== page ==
An American citizen held in military custody in Iraq for 11 weeks refused to talk to FBI interrogators without a lawyer after he was warned of his Miranda rights to remain silent and have a lawyer present, the Justice Department told a federal judge on Thursday, the New York Times reports. The filing responded to an order by U.S. District Judge Tanya Chutkan in Washington, D.C., after a contentious hearing earlier during which she warned that the Trump administration seemed to be claiming “unchecked power that is, quite frankly, frightening.”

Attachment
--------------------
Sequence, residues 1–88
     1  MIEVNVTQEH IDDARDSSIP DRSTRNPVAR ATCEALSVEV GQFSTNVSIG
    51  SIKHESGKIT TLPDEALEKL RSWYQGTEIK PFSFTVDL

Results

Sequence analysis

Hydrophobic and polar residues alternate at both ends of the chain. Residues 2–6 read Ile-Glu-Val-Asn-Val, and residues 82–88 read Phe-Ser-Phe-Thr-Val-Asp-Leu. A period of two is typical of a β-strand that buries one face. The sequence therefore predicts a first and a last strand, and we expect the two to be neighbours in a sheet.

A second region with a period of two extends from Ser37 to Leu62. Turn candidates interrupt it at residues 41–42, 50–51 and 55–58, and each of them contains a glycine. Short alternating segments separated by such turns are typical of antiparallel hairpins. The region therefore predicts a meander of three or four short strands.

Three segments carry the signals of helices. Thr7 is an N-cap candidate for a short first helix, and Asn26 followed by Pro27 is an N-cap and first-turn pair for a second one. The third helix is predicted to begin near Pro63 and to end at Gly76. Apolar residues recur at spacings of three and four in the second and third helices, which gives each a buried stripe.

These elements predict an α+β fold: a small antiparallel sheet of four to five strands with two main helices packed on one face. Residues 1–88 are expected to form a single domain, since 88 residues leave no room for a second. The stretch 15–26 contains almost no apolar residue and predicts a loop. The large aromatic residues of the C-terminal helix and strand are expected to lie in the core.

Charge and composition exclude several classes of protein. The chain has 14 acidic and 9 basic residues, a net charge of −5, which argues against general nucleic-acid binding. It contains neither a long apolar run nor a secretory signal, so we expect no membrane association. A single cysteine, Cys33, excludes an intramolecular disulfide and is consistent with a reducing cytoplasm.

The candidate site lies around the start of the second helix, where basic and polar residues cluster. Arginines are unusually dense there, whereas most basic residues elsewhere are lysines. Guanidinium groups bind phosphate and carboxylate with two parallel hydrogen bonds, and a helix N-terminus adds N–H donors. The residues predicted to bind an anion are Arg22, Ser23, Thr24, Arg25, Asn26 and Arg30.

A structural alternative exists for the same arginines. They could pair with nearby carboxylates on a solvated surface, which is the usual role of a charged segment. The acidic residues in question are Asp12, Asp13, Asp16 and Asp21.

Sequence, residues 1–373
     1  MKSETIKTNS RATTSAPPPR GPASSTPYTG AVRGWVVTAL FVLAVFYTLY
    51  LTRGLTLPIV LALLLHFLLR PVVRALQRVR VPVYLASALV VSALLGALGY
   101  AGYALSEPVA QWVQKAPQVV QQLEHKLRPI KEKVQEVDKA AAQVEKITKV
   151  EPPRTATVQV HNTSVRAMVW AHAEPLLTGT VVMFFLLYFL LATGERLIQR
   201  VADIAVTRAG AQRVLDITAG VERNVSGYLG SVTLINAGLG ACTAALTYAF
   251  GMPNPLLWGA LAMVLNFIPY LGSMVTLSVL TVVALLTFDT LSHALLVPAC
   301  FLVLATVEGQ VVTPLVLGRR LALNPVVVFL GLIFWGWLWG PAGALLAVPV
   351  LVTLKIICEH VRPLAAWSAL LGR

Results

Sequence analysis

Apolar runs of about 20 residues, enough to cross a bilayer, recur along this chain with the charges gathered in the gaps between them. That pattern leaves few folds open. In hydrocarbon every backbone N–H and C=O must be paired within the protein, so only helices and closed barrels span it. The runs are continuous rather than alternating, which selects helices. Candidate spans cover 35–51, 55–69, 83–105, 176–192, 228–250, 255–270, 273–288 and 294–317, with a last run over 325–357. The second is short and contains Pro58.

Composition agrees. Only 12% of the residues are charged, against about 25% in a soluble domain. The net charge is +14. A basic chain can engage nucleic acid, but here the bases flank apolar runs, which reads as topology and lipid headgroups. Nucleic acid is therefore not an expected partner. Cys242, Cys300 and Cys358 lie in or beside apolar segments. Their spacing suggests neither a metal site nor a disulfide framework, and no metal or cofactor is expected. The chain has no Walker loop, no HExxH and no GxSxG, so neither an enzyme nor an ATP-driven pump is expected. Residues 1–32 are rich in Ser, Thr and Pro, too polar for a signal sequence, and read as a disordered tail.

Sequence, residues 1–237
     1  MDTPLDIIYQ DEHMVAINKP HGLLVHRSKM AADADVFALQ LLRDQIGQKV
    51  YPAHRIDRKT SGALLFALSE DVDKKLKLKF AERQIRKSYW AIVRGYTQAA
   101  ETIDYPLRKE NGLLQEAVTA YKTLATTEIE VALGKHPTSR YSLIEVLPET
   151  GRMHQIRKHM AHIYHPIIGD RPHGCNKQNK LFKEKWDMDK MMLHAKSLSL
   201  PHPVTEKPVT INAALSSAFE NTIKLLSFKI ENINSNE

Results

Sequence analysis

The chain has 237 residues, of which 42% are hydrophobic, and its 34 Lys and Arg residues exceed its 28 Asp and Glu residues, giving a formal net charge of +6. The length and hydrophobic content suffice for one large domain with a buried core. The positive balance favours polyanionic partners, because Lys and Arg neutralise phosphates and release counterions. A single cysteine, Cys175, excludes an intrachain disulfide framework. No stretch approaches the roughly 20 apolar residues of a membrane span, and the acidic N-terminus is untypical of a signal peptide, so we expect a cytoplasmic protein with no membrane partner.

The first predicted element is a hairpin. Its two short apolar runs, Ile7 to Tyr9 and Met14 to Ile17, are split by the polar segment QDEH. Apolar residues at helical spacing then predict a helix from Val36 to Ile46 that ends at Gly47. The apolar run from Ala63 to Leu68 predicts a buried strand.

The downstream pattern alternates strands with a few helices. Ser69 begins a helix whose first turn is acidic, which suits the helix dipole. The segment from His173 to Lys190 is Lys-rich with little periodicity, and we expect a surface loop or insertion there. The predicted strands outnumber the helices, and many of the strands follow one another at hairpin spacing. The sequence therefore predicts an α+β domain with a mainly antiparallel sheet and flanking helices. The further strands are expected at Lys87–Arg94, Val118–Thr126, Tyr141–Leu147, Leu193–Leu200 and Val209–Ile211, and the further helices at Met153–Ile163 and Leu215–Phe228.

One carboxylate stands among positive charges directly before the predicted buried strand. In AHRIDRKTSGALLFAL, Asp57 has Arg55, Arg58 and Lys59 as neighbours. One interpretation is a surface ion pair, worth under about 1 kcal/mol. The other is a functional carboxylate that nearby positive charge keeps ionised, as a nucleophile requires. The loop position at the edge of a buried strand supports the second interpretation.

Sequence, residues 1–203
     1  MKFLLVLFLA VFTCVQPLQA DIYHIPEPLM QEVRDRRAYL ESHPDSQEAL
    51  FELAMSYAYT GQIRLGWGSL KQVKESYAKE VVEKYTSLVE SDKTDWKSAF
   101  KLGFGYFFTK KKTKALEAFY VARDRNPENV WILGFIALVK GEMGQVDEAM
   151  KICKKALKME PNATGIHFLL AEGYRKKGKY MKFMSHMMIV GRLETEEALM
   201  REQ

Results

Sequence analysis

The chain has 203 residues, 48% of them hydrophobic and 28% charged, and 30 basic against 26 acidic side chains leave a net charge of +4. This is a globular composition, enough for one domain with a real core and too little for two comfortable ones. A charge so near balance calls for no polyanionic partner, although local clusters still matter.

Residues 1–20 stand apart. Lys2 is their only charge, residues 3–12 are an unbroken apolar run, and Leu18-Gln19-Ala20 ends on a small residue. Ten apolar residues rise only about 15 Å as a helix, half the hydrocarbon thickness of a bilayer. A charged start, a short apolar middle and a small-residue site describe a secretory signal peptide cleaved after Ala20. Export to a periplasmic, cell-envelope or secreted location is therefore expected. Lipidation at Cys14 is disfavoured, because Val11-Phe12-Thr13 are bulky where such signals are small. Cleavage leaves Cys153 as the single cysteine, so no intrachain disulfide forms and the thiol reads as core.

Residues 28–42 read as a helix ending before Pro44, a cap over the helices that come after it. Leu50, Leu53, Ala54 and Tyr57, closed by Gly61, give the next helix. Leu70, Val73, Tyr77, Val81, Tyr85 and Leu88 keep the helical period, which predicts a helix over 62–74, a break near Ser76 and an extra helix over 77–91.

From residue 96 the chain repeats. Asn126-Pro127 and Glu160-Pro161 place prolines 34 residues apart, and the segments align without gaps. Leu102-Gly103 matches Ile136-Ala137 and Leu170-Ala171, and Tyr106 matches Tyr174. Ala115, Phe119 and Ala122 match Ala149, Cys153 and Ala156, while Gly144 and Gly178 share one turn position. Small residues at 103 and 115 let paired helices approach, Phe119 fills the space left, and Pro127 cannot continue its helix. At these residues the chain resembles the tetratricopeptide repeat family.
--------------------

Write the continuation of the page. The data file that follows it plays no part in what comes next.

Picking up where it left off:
The case involves an American who was captured by a Syrian militia in mid-September, apparently fighting for the Islamic State, and turned over to American military forces. Although the International Committee for the Red Cross has visited the detainee twice, the government has kept secret basic facts about him, including his name. An administration official told the Times that the detainee was born in the U.S. to foreign parents and raised in an unidentified Middle Eastern country. The official also said that after being interrogated for intelligence purposes, the detainee was read the Miranda warning and had not talked since then. Chutkan said that she did not want to rely on news reports and wanted the government to disclose such information. The detainee has raised a dilemma because national security officials believe the man was an Islamic State fighter and do not want to release him, but they lack sufficient evidence to charge him with a terrorism-related crime, officials said. The American Civil Liberties Union has filed a habeas corpus suit on behalf of the man. The ACLU asked Chutkan to give its lawyers access to the detainee and to declare that his continued indefinite detention without charges unlawful.